THE RIGHT STUFF

Mexico 2017 | CONSTRUCTION & REAL ESTATE | INTERVIEW

TBY talks to Luca Piccolo, CEO of Venit Investments, on culling the right investors with the right mechanisms and the importance of developing projects in smaller and mid-sized cities.

Luca Piccolo
BIOGRAPHY
Luca Piccolo holds an MBA from the Universidad San Pablo CEU in Madrid. Between 1998 and 2007, he worked for various businesses, including Dbrains Web Studio, an internet company, and Grupo Integer, the corporate manager of more than 100 schools and universities throughout the Americas and Europe. From 2007-2016, he worked at BIN Desarrollos, first as a COO and after 2009 as CEO. He has also lectured on HR, business ethics, and management skills at Universidad Anahuac Monterrey (ISEF) and VALIA, an institution created by several companies in Monterrey with the mission of forming ethical professionals. He is the secretary of the Mexican Hotel Association in Monterrey and a member of the Executive Committee of Capital Real Estate, a private equity fund specializing in real estate assets.

What was the thinking behind your recent rebranding, and what does it mean for the company?

It was a natural move given the changes of our business project. We first started as investors and then went into developing real estate and invited other partners to invest with us. In that transition, we decided to rebrand ourselves as Venit Investments since it better reflects the real purpose of the business, which is to develop real estate and find a good investment for our clients' capital. When we develop a project and go to the public to invite them to invest, we have to think about it as an option they are considering for their capital. If your project is not well thought-out or has unattractive returns on investment, potential investors will invest in other ways, but not necessarily in other real estate projects.

How does your investor background define the strategy you use to identify investments?

There are a different ways of doing it, but there are several key things we do. The real challenge today in Mexico is finding good projects, not the capital. The problem with this lies with the planning and layout of cities themselves. There are cities such as Monterrey that have a market that does not reflect the real driving force.

What is the role of ego and prestige in making decisions about where and how to create new developments?

Many developers began in the business not as investors, but as people who wanted to make something to reflect their ego. They want the glamorous part of being a developer, building the tallest towers in Mexico. That is reasonable if the developer is a large and experienced company and if there is a market for the project. We often wonder if developers are building profitable products when they do it with someone else's money. One of the reasons for changing our name was to reflect that we are interested above all in profitability; afterwards, we think about the aesthetic and size of the developments. It is about a product that is profitable and at the same time specifically designed for someone's needs.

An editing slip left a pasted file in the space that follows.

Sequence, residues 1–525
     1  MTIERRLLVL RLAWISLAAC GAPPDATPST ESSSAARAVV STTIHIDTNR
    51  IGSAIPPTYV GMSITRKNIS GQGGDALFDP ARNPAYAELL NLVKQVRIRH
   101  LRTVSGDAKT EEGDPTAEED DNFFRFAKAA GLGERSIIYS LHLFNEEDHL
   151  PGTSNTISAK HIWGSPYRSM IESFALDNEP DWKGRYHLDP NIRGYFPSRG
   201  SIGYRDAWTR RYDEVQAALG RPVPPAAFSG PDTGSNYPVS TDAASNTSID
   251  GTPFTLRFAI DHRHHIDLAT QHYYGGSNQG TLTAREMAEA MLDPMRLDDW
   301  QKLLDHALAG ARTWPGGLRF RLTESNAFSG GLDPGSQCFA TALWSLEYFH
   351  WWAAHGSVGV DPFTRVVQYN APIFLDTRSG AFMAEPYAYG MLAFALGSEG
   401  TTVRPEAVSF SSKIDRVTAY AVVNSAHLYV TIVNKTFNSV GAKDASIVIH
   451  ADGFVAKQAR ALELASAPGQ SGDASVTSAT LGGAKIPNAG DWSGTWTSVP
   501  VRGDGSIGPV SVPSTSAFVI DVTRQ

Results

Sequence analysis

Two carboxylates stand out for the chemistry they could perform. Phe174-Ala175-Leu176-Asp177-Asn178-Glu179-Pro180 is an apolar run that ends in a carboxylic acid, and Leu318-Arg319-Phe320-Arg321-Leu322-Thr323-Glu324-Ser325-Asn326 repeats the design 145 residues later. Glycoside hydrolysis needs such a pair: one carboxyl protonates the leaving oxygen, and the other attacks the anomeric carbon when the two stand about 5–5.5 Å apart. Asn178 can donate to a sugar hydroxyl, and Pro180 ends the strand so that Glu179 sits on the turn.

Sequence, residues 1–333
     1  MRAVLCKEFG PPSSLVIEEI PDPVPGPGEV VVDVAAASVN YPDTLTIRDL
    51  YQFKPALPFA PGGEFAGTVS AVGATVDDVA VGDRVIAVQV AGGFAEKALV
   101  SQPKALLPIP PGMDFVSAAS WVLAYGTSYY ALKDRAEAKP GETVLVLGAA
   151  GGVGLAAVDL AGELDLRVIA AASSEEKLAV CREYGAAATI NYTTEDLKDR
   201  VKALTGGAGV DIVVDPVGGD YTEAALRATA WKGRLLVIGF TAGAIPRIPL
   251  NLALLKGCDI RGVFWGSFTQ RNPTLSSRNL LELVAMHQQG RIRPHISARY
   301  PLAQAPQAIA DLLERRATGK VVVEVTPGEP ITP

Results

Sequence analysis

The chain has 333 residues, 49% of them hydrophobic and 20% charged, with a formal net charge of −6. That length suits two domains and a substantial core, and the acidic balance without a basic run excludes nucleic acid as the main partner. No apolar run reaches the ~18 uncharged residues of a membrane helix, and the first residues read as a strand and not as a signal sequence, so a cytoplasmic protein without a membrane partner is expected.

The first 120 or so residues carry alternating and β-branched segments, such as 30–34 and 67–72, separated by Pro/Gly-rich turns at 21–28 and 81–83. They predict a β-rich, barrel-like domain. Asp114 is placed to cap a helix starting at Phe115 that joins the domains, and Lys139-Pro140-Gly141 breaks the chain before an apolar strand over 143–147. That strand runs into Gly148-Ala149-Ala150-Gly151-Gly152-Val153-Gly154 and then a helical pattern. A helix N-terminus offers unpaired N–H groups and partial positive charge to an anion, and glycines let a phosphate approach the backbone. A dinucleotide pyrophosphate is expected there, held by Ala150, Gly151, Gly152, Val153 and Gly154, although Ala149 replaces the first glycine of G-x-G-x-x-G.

What were the three projects you closed this year and what made them different?

They were really different projects, but the three are in Querétaro. Querétaro is interesting because there are many well-designed residential developments, and it is developing nicely into a large city. One of our projects is called Nova; it is a 10-year project of 100,000 rentable sqm of office, commercial, and residential space. It is in an area of the city that is growing quickly. We are developing one part of the land, and another company is developing a different complex. It is an interesting project because of the way it is structured: everything is seen in the long run. It is a project focused on developing the community. We are seeing more long-term projects that create a community where people can make their lives without having to cross the city in their daily routines. The second project is similar. We are developing the commercial and office space, which accounts for 20% of the entire project. This is a four to five-year project. The last is an apartment project we have been working on for years, condominiums. On the business side, it is attractive to develop in medium-sized cities such as Querétaro or Merida.

What are your goals for the next few years?

The main goal is to keep growing and develop projects that are profitable. My investors are happy, because the projects are working. This also creates value for the whole city and community. We are going to try to expand the apartment projects to a couple of other cities in the next couple of months and solidify the two big projects we are now working on. In the long term, we will try to replicate such projects in other cities.